Pfizer and OPKO’s NGENLA Injection Receives Marketing Authorization

0 26

Pfizer Inc. and OPKO Health Inc. announced on Tuesday that the European Commission has granted marketing authorization for the next-generation long-acting recombinant human growth hormone NGENLA (somatrogon), a once-weekly injection to treat children and adolescents from 3 years of age with growth disturbance due to insufficient secretion of growth hormone. NGENLA provides pediatric patients, their caregivers and healthcare providers with a new treatment option for growth hormone deficiency (GHD) that reduces the frequency of required injections from once-daily to once-weekly.

 “Growth hormone deficiency takes a substantial toll on children living with this rare disease and their families, and for many years, daily injections have been the standard-of-care, adding to the challenges they face. With NGENLA, we are proud to continue to advance the care of children in Europe who are impacted by growth hormone deficiency with a new, longer-acting option that significantly reduces treatment burden from once-daily to once-weekly injections,”

said Reda Guiha, Regional President for International Developed Markets, Pfizer Rare Disease. 

GHD is a rare condition defined by insufficient pituitary gland secretion of the growth hormone somatropin, which affects one in every 4,000 to 10,000 children globally. Genetic mutations can cause the disease, or it can be acquired after birth. Affected children will have continuous growth attenuation and an extremely small adult height if they do not receive treatment, and puberty may be delayed. Other issues with physical health and mental well-being may arise in children.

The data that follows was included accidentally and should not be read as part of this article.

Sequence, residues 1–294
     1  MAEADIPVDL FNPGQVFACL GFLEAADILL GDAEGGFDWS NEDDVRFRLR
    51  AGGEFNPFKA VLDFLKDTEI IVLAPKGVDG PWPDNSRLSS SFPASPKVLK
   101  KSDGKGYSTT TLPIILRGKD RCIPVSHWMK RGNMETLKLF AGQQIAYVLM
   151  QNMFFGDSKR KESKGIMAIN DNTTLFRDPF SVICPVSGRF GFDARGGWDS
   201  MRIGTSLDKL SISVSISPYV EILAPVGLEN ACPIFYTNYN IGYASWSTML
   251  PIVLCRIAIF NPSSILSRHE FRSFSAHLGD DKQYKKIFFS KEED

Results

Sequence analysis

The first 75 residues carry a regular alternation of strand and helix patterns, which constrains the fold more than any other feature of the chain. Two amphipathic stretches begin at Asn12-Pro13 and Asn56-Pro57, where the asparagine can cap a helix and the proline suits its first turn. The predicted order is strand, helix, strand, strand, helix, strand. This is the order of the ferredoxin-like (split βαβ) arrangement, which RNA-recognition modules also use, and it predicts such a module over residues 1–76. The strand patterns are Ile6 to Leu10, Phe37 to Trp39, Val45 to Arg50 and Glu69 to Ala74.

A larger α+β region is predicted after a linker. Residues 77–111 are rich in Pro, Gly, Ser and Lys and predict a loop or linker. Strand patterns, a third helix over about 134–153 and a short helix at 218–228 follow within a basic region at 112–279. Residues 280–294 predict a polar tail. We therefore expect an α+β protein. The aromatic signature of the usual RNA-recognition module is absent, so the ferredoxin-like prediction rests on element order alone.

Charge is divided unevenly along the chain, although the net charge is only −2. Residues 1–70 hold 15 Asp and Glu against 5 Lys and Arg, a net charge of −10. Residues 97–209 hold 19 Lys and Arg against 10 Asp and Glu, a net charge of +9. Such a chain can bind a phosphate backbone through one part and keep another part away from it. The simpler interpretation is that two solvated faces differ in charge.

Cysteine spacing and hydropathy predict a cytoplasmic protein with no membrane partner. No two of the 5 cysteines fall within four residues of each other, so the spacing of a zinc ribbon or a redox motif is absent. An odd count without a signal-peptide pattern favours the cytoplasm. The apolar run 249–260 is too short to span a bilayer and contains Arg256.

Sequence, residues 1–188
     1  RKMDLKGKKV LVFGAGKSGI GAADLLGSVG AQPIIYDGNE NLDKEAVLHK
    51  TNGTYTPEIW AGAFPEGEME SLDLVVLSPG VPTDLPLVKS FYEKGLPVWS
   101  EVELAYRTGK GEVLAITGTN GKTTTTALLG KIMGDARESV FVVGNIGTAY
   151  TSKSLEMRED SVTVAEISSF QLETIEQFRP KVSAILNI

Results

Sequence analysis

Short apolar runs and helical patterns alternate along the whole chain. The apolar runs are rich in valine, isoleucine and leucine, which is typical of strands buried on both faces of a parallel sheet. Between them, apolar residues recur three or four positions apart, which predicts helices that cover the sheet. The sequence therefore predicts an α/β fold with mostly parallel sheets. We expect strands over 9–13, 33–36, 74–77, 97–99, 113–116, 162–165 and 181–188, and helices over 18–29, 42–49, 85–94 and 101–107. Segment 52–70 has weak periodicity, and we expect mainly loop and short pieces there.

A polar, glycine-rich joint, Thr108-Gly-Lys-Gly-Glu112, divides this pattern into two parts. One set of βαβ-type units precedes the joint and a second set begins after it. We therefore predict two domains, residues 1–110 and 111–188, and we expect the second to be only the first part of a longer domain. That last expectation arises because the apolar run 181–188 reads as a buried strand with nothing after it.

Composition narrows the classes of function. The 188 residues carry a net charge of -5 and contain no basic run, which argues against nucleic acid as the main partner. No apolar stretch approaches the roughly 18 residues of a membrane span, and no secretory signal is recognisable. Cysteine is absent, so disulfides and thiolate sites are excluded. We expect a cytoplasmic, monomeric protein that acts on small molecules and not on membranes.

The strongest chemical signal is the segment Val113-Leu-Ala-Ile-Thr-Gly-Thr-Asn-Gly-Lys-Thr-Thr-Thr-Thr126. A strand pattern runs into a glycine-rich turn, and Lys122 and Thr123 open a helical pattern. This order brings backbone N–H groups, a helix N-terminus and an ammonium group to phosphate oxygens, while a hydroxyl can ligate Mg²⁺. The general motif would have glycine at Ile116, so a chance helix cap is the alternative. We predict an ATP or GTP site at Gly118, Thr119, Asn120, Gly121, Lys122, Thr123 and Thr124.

“By helping to minimize disease management burden, we believe NGENLA has the potential to improve quality of life for children impacted by growth hormone deficiency and their families, as well as increase treatment adherence, which can improve outcomes. We are pleased that the marketing authorization in the European Union will enable more children with growth hormone deficiency to benefit from once-weekly treatment,” 

said Phillip Frost, M.D., Chairman, and Chief Executive Officer, OPKO Health.

The results of a global, randomised, open-label, active-controlled Phase 3 study comparing once-weekly NGENLA to once-daily GENOTROPIN® were used to support the European Union’s (EU) marketing authorization of NGENLA (somatropin). The study’s primary endpoint of NGENLA non-inferiority to GENOTROPIN was satisfied after 12 months, as determined by yearly height velocity. In the research, NGENLA was usually well-tolerated and had a safety profile similar to GENOTROPIN.

NGENLA’s marketing authorisation is valid throughout the EU, as well as in Iceland, Norway, and Liechtenstein.

Leave A Reply

Your email address will not be published.